Trade unions

The Labour Party manifest contains a wide range of policies dealing with trade unions. This focus is not reflected by other parties. The Labour Party seek to roll back what they view as anti-trade union legislation. They would also utilise the heft of the public procurement budget to require businesses to meet standards on trade union recognition.

Corporate governance and employee representation

The Conservative Party will require listed companies to either:

  • nominate a director from the workforce;
  • create a formal employee advisory council; or
  • assign specific responsibility for employee representation to a designated non-executive director.

This will be backed by a right to request information for employees of publically-listed companies.

Terminal illnesses

The Labour Party will make terminal illnesses a protected characteristic under the Equality Act 2010.

Caste discrimination

The Liberal Democrats will outlaw caste discrimination.

Equal pay and pay gap reporting

The Scottish National Party will extend the scope of equal pay reporting, making such reports apply to employers with more than 150 employees (down from 250) and covering race and disability as well as gender. The Conservative Party will require companies with more than 250 employees to publish more data on the pay gap between men and women.

Pay ratios and executive pay

The Labour Party promise to roll out maximum pay ratios of 20:1 in the public sector and in companies bidding for public contracts. The Liberal Democrats and the Conservatives go for a more restrained approach in requiring large or listed employers to report on the ratio between top and median pay levels.

Employment Tribunal fees

Labour, the Liberal Democrats and the Scottish National Party pledge to abolish Employment Tribunal fees. This is not covered in the Conservative, UKIP or Green Party manifestos.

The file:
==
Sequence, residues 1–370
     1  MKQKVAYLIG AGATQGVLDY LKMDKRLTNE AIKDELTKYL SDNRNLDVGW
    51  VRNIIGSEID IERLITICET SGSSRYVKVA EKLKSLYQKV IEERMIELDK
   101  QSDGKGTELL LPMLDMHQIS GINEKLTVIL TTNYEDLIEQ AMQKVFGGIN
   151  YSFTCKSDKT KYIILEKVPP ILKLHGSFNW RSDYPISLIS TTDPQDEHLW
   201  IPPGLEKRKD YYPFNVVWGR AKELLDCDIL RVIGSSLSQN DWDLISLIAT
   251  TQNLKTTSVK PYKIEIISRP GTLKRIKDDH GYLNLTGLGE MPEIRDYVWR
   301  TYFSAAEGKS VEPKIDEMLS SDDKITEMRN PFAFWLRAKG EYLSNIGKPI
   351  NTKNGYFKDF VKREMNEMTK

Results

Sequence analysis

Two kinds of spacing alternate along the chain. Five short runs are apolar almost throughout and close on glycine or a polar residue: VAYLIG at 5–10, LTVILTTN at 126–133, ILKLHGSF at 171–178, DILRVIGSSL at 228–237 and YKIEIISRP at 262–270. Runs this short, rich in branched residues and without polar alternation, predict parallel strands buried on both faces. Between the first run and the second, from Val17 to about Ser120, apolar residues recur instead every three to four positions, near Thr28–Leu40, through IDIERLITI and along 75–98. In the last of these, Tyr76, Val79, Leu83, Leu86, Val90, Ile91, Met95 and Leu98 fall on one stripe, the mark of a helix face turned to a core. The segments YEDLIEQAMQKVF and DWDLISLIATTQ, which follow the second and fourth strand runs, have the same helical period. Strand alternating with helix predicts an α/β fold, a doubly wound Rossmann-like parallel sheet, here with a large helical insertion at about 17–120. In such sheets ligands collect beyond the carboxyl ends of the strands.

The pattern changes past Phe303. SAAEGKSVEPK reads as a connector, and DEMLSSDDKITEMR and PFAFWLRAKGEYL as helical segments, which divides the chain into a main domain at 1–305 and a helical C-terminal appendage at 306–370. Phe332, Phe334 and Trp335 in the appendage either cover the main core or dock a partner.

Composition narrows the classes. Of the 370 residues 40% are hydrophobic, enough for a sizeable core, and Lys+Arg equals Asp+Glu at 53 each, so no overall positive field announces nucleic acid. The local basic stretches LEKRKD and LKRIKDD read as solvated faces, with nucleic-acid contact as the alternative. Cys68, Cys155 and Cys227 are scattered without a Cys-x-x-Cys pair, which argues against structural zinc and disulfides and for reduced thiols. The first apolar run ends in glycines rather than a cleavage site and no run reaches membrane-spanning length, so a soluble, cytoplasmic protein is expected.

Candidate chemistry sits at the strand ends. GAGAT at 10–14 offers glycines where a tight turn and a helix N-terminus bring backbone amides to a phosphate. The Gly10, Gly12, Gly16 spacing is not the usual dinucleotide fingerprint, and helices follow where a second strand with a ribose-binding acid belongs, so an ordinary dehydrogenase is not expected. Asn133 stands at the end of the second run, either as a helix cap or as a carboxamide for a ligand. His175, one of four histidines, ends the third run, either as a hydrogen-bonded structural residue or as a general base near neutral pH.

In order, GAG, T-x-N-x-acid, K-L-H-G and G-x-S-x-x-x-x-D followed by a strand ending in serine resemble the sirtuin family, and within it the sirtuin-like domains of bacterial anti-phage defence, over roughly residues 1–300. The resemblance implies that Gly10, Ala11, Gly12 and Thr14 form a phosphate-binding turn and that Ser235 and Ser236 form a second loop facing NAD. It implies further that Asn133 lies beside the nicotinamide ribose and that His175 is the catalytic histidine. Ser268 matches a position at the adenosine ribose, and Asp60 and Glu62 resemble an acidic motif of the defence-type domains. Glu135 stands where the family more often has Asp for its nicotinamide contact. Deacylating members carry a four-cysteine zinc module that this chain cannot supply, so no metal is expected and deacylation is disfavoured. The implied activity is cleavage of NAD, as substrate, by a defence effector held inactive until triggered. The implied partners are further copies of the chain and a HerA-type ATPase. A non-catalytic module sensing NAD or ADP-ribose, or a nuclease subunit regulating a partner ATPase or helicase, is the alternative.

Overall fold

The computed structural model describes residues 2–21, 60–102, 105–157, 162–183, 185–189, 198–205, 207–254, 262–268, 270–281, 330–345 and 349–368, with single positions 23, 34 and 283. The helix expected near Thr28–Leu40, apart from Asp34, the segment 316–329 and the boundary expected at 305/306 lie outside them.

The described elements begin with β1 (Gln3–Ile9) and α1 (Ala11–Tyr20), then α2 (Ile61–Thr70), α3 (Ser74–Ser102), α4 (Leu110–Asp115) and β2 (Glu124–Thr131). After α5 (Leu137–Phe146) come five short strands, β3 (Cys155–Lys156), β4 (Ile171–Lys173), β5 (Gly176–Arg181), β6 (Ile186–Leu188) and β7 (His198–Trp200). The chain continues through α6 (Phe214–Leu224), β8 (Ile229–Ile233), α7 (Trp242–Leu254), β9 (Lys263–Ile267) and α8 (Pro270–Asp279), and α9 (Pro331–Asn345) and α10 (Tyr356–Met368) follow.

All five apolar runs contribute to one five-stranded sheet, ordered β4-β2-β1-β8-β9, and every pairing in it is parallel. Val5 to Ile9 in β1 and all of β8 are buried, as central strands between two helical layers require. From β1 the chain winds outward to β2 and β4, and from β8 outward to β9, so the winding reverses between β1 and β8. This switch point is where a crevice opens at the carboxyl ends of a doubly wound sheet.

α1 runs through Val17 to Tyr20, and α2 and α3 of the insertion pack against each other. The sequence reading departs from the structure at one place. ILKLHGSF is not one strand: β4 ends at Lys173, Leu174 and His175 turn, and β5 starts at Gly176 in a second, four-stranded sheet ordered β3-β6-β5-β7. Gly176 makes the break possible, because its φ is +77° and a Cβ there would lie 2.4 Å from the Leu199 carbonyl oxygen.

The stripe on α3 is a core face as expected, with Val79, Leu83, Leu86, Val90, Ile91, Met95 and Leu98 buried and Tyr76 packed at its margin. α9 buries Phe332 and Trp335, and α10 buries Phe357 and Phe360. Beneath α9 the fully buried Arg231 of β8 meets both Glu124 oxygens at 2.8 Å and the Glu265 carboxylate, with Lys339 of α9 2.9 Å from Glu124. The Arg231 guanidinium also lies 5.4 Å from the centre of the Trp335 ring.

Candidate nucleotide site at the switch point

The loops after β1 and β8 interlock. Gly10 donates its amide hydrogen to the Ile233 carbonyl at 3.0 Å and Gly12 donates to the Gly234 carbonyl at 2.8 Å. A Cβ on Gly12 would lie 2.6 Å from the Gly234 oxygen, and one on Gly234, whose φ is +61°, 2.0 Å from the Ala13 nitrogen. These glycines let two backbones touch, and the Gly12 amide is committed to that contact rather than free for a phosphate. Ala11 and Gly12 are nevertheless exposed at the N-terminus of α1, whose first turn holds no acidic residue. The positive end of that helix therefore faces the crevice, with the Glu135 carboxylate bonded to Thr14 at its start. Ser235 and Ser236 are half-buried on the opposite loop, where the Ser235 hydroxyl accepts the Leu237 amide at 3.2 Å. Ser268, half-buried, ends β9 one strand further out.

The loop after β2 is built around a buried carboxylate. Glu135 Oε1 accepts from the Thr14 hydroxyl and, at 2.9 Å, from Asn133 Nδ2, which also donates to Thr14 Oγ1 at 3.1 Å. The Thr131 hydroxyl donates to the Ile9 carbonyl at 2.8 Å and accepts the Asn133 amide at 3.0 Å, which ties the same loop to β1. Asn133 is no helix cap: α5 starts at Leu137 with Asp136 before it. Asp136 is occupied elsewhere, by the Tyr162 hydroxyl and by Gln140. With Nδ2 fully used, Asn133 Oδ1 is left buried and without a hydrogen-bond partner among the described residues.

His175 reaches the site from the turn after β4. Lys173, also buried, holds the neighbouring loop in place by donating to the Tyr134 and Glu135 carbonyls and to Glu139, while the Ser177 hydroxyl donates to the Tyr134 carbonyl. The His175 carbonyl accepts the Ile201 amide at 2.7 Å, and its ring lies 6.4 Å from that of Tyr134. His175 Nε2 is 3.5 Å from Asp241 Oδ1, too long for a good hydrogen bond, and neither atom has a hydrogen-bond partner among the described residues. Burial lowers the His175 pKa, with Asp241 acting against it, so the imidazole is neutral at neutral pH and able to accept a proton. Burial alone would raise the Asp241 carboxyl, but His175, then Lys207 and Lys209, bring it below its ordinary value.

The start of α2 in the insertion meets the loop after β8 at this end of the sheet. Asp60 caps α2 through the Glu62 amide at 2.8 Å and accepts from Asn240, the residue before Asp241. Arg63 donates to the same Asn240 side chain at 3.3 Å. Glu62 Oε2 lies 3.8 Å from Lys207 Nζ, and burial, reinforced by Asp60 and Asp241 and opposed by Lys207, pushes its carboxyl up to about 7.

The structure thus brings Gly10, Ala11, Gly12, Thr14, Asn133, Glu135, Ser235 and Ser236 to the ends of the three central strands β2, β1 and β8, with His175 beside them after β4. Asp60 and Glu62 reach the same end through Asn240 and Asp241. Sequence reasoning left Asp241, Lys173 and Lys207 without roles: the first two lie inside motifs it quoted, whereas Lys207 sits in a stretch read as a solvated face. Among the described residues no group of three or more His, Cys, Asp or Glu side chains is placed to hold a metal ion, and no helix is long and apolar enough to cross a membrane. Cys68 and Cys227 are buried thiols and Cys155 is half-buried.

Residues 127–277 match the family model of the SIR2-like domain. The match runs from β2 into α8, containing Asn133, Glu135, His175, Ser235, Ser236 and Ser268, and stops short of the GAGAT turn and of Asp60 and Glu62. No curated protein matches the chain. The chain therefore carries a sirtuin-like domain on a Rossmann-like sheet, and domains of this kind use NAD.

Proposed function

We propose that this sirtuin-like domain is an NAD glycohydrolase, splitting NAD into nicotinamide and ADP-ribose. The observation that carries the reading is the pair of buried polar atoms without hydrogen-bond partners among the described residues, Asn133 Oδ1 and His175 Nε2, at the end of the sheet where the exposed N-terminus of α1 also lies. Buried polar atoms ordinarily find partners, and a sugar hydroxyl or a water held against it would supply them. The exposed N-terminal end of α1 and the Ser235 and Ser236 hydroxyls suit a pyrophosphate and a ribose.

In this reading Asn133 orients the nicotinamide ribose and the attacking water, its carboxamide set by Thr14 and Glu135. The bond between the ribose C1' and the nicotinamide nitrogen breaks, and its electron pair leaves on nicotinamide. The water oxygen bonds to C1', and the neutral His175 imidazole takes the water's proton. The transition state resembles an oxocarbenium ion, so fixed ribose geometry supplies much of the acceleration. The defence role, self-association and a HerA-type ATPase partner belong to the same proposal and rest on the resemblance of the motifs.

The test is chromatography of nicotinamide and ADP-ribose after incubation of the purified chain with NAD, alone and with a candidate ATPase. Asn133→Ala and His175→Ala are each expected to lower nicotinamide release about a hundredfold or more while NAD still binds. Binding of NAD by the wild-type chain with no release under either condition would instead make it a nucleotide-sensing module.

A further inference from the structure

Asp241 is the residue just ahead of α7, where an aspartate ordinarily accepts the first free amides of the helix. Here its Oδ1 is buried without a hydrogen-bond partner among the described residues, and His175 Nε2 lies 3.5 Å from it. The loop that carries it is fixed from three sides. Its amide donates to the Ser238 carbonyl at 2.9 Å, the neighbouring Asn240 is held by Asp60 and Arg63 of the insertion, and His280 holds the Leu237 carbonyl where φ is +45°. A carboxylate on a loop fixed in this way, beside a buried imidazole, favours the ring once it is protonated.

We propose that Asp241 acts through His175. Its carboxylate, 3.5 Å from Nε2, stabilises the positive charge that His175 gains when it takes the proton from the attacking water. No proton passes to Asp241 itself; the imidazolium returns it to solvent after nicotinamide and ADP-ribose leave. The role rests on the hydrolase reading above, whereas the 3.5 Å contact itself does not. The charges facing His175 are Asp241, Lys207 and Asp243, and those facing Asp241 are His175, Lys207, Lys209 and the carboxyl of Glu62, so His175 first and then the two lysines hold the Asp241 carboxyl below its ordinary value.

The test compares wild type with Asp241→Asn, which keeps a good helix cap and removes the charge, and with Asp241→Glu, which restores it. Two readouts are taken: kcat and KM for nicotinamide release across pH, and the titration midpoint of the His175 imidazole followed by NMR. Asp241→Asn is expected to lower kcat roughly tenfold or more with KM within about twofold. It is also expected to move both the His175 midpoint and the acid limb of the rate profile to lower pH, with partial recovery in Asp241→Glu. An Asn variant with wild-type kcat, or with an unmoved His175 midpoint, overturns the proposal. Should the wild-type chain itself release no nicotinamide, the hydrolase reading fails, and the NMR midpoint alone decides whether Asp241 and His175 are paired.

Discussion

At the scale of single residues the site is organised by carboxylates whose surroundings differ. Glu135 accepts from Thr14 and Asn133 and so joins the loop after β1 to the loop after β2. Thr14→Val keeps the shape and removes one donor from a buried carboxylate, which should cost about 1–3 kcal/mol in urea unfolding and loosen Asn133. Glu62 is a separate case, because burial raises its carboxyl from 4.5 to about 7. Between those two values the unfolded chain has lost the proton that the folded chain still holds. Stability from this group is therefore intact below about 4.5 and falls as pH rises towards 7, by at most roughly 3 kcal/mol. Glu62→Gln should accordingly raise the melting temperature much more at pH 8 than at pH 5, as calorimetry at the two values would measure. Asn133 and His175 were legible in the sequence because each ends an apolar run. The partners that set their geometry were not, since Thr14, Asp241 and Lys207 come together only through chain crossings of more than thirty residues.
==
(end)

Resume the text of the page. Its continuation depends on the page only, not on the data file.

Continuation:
New bank holidays

UKIP offer two new bank holidays for everyone in England and Wales. These will be on the St. George's Day in England and St. David's Day in Wales. The 23 June will be declared Independence Day and made a bank holiday.

Labour offer four new bank holidays for everyone, as each of the national patron saints' days will become a public holiday across the whole of the UK.

Manifesto table

You can see the full details of what each of the parties is promising on employment, and compare these commitments, in our comprehensive Employment and Pensions Manifesto Commitments table.

The content of this article is intended to provide a general guide to the subject matter. Specialist advice should be sought about your specific circumstances.

To print this article, all you need is to be registered on Mondaq.com.

Click to Login as an existing user or Register so you can print this article.

Authors
Events from this Firm
28 Jun 2017, Webinar, Dublin, Ireland

Is your business thinking of moving out of London post Brexit? Are you considering France, Germany or Ireland?

What are the challenges of hiring, firing and managing staff in cities such as Paris, Frankfurt and Dublin?

13 Jul 2017, Seminar, London, UK

This seminar will provide an update on the key developments in patent litigation in the UK in life sciences in the last 12 months including an in-depth look at the FKB v AbbVie litigation and what that means for the life sciences sector.

 
In association with
Related Video
Up-coming Events Search
Tools
Print
Font Size:
Translation
Channels
Mondaq on Twitter
 
Register for Access and our Free Biweekly Alert for
This service is completely free. Access 250,000 archived articles from 100+ countries and get a personalised email twice a week covering developments (and yes, our lawyers like to think you’ve read our Disclaimer).
 
Email Address
Company Name
Password
Confirm Password
Position
Mondaq Topics -- Select your Interests
 Accounting
 Anti-trust
 Commercial
 Compliance
 Consumer
 Criminal
 Employment
 Energy
 Environment
 Family
 Finance
 Government
 Healthcare
 Immigration
 Insolvency
 Insurance
 International
 IP
 Law Performance
 Law Practice
 Litigation
 Media & IT
 Privacy
 Real Estate
 Strategy
 Tax
 Technology
 Transport
 Wealth Mgt
Regions
Africa
Asia
Asia Pacific
Australasia
Canada
Caribbean
Europe
European Union
Latin America
Middle East
U.K.
United States
Worldwide Updates
Check to state you have read and
agree to our Terms and Conditions

Terms & Conditions and Privacy Statement

Mondaq.com (the Website) is owned and managed by Mondaq Ltd and as a user you are granted a non-exclusive, revocable license to access the Website under its terms and conditions of use. Your use of the Website constitutes your agreement to the following terms and conditions of use. Mondaq Ltd may terminate your use of the Website if you are in breach of these terms and conditions or if Mondaq Ltd decides to terminate your license of use for whatever reason.